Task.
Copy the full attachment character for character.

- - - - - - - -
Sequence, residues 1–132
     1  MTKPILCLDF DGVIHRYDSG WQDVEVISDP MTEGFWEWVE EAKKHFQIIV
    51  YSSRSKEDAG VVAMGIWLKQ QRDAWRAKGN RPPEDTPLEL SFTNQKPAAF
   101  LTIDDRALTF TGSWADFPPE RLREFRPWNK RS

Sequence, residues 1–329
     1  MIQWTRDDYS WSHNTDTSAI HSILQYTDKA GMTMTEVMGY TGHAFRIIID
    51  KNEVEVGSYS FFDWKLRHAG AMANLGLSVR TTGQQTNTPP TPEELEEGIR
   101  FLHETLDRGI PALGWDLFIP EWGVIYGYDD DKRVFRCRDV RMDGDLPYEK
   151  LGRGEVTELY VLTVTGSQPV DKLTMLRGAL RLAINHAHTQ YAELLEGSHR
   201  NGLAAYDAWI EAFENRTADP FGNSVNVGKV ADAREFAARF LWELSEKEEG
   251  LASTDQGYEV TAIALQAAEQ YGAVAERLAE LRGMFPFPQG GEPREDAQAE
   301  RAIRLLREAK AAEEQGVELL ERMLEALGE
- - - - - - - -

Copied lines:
Sequence, residues 1–132
     1  MTKPILCLDF DGVIHRYDSG WQDVEVISDP MTEGFWEWVE EAKKHFQIIV
    51  YSSRSKEDAG VVAMGIWLKQ QRDAWRAKGN RPPEDTPLEL SFTNQKPAAF
   101  LTIDDRALTF TGSWADFPPE RLREFRPWNK RS

Sequence, residues 1–329
     1  MIQWTRDDYS WSHNTDTSAI HSILQYTDKA GMTMTEVMGY TGHAFRIIID
    51  KNEVEVGSYS FFDWKLRHAG AMANLGLSVR TTGQQTNTPP TPEELEEGIR
   101  FLHETLDRGI PALGWDLFIP EWGVIYGYDD DKRVFRCRDV RMDGDLPYEK
   151  LGRGEVTELY VLTVTGSQPV DKLTMLRGAL RLAINHAHTQ YAELLEGSHR
   201  NGLAAYDAWI EAFENRTADP FGNSVNVGKV ADAREFAARF LWELSEKEEG
   251  LASTDQGYEV TAIALQAAEQ YGAVAERLAE LRGMFPFPQG GEPREDAQAE
   301  RAIRLLREAK AAEEQGVELL ERMLEALGE